Dolphin Marine Park offered a funding lifeline
COFFS Harbour's Dolphin Marine Conservation Park is spending $20,000 per week in wages on a skeleton team of carers and maintenance staff while feeding the park's animals 63kg of fish per day.
For almost two months now the popular attraction has remained closed to the public during the Covid-19 pandemic.
For a marine conservation business that relies on tourists, it's a been a costly set of circumstances that were totally unforeseen in its budgeting.
Today however, the Federal Government has offered zoos and aquariums a lifeline providing a $94.6 million support package to help these businesses pull through the pandemic.
Dolphin Marine Conservation Park General Manager Terry Goodall welcomed the new support, announced locally this afternoon by Federal Member for Cowper Pat Conaghan.
"While we are quite a small park in comparison with the likes of Taronga Zoo in Sydney, our costs have continued during the pandemic and our revenue has fallen to zero for the last seven weeks," Mr Goodall said.
"And because we are a saltwater park, we have additional costs associated with pumping water from the creek, maintaining the considerable infrastructure required for that and testing the water up to four times per day to ensure the health of our dolphins and sea lions.
"This grant program is an absolute lifeline for our enterprise and I look forward to working with Austrade to apply for it," he said.
Austrade will work with the Zoo and Aquarium Association to identify eligible members, as well as state and territory tourism organisations to identify non-members which may be eligible for financial assistance.
This initiative is part of the government's $1 billion Relief and Recovery Fund to support regions, communities and industry sectors that have been disproportionately affected by Covid-19.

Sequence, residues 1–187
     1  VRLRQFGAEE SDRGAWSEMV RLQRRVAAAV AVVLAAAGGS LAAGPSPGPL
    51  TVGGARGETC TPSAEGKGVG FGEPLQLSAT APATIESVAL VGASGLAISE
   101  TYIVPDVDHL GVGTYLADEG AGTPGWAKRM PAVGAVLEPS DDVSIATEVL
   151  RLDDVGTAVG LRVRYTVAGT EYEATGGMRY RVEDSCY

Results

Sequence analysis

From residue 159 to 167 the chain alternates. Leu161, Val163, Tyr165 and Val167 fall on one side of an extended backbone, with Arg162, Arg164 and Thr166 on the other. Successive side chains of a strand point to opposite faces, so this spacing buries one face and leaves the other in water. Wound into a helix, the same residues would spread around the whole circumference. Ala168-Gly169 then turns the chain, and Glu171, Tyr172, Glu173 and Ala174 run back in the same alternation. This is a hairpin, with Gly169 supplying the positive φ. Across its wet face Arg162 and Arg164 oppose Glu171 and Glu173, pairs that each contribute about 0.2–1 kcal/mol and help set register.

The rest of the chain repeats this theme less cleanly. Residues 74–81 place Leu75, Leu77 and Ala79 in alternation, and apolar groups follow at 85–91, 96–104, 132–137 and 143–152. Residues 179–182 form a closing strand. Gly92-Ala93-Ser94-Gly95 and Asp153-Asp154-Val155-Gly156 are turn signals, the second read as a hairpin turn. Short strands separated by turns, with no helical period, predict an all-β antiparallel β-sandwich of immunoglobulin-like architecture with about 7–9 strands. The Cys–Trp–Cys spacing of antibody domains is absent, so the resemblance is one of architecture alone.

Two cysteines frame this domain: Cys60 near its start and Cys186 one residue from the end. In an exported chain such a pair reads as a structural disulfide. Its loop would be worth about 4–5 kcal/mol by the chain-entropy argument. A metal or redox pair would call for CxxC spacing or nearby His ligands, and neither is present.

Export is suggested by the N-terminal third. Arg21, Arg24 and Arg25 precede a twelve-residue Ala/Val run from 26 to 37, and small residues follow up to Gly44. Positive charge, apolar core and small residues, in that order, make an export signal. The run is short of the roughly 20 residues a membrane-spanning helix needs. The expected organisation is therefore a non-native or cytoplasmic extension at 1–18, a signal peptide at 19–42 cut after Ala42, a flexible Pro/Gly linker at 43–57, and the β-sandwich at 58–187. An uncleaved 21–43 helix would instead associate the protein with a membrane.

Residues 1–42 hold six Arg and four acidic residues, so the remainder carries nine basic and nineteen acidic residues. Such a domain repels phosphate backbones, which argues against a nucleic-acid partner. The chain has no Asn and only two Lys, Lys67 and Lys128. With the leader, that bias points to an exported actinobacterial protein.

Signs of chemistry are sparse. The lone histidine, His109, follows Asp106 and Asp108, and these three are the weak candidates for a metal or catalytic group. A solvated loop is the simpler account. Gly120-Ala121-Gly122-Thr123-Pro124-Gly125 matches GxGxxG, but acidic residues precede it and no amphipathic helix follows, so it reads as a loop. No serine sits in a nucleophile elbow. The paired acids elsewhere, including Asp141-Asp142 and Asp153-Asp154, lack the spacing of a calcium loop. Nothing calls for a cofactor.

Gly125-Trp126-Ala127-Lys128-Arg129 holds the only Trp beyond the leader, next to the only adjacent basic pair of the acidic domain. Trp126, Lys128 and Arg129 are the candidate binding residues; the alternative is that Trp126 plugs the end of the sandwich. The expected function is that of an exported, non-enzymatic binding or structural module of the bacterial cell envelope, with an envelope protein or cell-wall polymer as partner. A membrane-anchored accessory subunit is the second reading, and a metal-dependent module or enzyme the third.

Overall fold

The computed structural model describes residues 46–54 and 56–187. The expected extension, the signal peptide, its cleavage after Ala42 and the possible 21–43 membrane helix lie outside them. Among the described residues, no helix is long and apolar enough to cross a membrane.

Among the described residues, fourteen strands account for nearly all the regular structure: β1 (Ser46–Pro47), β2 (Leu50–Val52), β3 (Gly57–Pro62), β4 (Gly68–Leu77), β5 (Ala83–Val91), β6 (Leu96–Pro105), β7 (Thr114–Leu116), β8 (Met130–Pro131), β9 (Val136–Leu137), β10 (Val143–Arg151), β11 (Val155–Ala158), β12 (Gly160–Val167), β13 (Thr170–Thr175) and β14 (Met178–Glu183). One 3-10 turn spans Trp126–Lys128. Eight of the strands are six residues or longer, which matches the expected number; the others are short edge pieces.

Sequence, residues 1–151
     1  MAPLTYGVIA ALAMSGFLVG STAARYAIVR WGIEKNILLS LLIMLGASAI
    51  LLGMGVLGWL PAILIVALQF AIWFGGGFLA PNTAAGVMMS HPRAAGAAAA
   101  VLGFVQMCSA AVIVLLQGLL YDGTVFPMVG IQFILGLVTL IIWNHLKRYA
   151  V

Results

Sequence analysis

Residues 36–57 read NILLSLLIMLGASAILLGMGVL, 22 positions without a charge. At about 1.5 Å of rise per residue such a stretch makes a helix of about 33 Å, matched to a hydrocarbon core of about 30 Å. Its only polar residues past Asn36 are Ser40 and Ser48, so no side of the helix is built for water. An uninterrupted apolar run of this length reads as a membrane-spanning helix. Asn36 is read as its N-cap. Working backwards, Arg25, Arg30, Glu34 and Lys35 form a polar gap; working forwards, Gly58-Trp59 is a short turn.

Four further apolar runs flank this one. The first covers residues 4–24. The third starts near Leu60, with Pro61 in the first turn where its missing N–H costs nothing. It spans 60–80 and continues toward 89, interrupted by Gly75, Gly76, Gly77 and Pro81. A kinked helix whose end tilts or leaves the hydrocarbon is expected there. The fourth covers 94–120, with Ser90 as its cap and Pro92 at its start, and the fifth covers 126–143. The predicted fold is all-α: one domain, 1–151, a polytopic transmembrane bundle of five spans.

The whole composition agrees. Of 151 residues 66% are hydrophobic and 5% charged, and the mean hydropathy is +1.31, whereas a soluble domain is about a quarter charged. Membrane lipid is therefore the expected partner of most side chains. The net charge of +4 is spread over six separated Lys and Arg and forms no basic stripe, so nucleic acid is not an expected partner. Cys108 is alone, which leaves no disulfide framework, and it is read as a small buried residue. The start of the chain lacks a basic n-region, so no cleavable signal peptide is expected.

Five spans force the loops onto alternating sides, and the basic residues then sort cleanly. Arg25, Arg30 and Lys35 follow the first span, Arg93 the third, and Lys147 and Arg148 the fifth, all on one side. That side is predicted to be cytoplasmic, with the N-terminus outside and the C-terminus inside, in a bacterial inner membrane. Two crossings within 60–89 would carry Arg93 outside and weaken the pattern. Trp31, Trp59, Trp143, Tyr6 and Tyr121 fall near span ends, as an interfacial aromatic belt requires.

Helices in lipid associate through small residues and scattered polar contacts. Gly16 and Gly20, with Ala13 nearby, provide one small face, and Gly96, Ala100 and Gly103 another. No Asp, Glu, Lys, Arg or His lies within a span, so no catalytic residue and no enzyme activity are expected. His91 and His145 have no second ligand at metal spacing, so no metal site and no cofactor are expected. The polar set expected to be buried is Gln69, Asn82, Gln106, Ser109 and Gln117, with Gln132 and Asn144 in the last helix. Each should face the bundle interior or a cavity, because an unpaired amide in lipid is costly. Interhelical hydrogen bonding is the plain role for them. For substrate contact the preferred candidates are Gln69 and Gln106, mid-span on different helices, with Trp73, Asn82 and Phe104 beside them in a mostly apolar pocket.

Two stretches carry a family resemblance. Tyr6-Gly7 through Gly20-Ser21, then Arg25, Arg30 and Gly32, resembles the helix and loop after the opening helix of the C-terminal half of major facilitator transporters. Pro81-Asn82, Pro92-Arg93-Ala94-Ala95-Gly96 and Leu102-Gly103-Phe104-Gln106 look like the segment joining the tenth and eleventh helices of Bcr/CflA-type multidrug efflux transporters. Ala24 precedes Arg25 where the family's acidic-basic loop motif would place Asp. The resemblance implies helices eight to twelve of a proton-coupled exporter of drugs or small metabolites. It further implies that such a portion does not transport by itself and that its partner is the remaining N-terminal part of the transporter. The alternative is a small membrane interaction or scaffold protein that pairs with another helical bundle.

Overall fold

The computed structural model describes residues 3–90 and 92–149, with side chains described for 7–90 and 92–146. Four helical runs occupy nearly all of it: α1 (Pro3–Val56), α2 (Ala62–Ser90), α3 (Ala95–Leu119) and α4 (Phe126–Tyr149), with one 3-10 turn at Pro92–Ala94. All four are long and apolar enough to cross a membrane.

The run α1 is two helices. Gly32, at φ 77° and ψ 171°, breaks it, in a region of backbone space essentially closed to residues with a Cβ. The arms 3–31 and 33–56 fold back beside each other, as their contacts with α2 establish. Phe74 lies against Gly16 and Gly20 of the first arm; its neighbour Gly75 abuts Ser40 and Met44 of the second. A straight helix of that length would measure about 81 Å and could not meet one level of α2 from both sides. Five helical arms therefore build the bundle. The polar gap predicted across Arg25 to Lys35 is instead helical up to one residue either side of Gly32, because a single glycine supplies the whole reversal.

"Our local zoos and aquariums provide huge positive flow-on effects to our local economy as they encourage visitors to town and to stay," Mr Conaghan said.
"I called for this funding a number of weeks ago after I was contacted by Dolphin Marine Conservation Park in Coffs Harbour and Billabong Zoo near Port Macquarie seeking help with their mounting costs and no money coming in.
"We need these tourist and cultural attractions to remain long after the Covid-19 pandemic has passed, so I thank Deputy Prime Minister Michael McCormack, Minister for Trade, Tourism and Investment Simon Birmingham and Minister for the Environment Sussan Ley for providing this lifeline."
The support package will assist exhibiting zoos and aquariums with the fixed operational costs associated with the caring of their animals.
Australian zoos and aquariums welcome government relief for animal care
The Zoo and Aquarium Association Australasia welcomed the announcement today to support zoos, wildlife parks, sanctuaries and aquariums during the Covid-19 response.
The assistance comes as a great relief to ZAA-accredited wildlife organisations around Australia, who have been maintaining the high costs of animal care without any visitor admission income for the last month, and who face continued uncertainty about when they can reopen their gates.